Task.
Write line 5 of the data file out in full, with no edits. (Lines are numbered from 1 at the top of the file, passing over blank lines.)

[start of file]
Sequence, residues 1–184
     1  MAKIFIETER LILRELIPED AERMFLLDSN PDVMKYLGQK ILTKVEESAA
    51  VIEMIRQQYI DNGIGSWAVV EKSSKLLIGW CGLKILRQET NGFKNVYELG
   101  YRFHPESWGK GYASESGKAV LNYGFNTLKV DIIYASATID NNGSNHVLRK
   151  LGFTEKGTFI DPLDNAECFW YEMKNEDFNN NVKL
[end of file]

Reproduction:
   151  LGFTEKGTFI DPLDNAECFW YEMKNEDFNN NVKL